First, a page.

The city released a comprehensive review today about Superstorm Sandy, evaluating how its agencies functioned during the storm.
The mayor-ordered report evaluated how prepared officials were before, during and after the storm.
Bloomberg asked two deputy mayors to review the city's actions in December. Today, the administration said the recovery efforts were some of the fastest ever.
Officials issued 59 recommendations, focusing on things like evacuations, public safety and shelters.
Deputy Mayor Cas Holloway, who helped craft the report, said the hurricane “caused unprecedented damage throughout the five boroughs.”
“As well as the city performed, we can always do better,” he said. “We will take the lessons learned from Hurricane Sandy and strengthen the city’s capacity to respond to future emergencies.”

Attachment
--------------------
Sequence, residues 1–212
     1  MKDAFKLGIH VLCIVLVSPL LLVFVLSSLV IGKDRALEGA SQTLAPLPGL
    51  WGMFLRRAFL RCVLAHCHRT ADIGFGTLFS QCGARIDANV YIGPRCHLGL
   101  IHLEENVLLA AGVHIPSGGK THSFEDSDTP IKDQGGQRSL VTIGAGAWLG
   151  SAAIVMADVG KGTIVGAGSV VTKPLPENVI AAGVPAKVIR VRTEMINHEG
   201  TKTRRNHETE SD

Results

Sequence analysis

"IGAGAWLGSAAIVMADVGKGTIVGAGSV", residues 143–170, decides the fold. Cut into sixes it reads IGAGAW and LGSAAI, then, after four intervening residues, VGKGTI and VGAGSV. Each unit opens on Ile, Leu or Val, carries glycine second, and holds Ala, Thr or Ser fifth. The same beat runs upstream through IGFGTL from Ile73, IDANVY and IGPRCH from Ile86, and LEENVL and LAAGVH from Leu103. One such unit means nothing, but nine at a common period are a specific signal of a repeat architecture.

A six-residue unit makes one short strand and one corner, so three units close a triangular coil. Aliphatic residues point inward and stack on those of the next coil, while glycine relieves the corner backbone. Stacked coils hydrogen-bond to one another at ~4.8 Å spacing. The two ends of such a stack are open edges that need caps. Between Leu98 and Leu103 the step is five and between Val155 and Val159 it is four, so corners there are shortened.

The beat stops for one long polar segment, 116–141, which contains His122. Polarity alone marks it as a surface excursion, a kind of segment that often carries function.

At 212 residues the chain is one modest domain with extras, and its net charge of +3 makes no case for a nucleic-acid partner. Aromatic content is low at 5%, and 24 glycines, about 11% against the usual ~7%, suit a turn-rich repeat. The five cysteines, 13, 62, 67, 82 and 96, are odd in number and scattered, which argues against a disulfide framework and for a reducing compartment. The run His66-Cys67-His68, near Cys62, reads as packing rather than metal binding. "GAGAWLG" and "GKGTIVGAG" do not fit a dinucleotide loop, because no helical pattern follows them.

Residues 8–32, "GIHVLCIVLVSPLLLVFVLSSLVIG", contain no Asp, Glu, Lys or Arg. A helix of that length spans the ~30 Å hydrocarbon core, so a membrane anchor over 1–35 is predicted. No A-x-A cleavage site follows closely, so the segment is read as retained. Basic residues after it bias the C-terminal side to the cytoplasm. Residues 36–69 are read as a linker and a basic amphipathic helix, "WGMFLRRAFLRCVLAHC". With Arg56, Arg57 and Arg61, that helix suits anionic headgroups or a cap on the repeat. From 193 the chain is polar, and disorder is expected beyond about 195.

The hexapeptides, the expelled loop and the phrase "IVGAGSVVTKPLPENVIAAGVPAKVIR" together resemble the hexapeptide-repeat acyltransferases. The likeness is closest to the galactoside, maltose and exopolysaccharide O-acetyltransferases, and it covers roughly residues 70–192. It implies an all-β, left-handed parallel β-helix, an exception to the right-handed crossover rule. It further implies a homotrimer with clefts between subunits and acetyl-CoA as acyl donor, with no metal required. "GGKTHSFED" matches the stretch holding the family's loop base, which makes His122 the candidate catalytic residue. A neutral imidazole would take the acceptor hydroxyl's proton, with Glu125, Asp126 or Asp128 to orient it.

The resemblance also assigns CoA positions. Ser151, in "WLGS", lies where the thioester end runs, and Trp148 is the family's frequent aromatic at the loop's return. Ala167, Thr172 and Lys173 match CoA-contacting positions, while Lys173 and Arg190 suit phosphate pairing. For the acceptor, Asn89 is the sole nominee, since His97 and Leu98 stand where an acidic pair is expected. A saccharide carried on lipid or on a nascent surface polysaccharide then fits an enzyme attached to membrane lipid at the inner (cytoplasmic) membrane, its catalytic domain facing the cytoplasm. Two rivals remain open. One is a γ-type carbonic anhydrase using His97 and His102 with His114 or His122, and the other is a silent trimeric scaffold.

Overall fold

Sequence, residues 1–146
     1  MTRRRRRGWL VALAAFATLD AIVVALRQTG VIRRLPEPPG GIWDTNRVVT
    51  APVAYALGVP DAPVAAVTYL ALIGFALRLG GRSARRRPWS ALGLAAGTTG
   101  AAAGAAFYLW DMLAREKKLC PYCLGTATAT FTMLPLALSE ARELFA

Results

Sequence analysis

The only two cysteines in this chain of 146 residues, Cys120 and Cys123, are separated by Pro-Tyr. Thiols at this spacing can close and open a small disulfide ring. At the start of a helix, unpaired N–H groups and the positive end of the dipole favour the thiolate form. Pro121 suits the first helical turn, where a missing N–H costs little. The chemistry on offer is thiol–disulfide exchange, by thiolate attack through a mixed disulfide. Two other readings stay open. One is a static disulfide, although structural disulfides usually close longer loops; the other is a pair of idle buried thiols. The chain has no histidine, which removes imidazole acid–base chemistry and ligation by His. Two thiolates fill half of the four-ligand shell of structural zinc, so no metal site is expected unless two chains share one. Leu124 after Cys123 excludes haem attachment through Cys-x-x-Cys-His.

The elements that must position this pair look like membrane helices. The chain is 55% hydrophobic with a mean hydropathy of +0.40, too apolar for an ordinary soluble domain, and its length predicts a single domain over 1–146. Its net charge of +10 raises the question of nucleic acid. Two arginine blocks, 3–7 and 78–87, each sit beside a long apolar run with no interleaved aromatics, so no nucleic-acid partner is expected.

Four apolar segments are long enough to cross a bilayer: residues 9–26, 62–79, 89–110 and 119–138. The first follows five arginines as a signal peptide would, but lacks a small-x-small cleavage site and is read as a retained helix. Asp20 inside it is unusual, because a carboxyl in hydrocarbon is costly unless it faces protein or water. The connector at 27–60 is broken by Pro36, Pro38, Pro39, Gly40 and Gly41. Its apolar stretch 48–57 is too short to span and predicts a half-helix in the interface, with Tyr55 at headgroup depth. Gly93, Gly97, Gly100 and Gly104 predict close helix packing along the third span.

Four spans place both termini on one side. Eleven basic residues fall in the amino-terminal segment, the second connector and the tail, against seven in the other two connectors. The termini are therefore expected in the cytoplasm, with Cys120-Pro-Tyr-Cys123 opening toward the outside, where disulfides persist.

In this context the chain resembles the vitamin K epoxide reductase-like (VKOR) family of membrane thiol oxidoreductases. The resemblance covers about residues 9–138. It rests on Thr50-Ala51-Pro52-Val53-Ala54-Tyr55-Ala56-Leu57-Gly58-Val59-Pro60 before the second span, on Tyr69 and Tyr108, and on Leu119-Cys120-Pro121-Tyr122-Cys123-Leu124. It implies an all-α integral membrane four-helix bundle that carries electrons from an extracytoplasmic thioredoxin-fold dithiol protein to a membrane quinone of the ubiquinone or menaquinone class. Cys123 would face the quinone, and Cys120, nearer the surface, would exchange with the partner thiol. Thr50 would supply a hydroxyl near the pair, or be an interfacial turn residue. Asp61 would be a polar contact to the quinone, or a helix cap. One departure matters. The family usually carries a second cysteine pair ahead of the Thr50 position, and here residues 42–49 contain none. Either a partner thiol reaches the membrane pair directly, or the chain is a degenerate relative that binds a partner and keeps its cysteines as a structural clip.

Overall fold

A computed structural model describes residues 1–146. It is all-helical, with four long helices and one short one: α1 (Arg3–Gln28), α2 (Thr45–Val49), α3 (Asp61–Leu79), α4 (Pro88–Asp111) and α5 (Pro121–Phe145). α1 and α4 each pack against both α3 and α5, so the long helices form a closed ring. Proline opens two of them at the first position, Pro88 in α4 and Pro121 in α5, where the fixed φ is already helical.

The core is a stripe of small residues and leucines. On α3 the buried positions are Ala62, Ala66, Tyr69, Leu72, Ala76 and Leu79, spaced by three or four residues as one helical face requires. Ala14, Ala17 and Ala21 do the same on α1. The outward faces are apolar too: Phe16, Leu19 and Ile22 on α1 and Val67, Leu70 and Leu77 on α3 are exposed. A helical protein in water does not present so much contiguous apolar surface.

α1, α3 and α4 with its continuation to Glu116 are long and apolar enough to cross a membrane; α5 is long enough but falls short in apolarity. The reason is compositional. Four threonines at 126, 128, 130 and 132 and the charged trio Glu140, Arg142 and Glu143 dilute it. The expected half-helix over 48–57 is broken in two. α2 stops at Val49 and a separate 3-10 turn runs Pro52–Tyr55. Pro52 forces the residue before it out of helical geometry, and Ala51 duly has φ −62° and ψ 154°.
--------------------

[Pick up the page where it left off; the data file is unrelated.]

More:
One highlighted area was 311, which officials said was available throughout the storm but could have had shorter waiting times.
The Office of Emergency Management is also updating the city’s evacuation zones for the 2013 hurricane season, implementing zones from 1 to 6 to replace Zones A, B and C. These zones will be announced in June, according to the city.
The report also suggested the Department of Health evaluate their regulations for evacuation procedures, including back-up power supply, which was an issue when generators failed, causing evacuations.
The city maintained that the 911 system did not fail or drop calls during Sandy, despite criticism that people were not able to reach responders through the system.
The city said 20,00 families have returned to their homes through the Rapid Repairs program, which helped fix up homes.
But many are still unable to return, including hundreds waiting on a court ruling about whether the city can kick them out of city-funded hotel rooms.
The review recommended identifying shelter that would be usable for a longer time.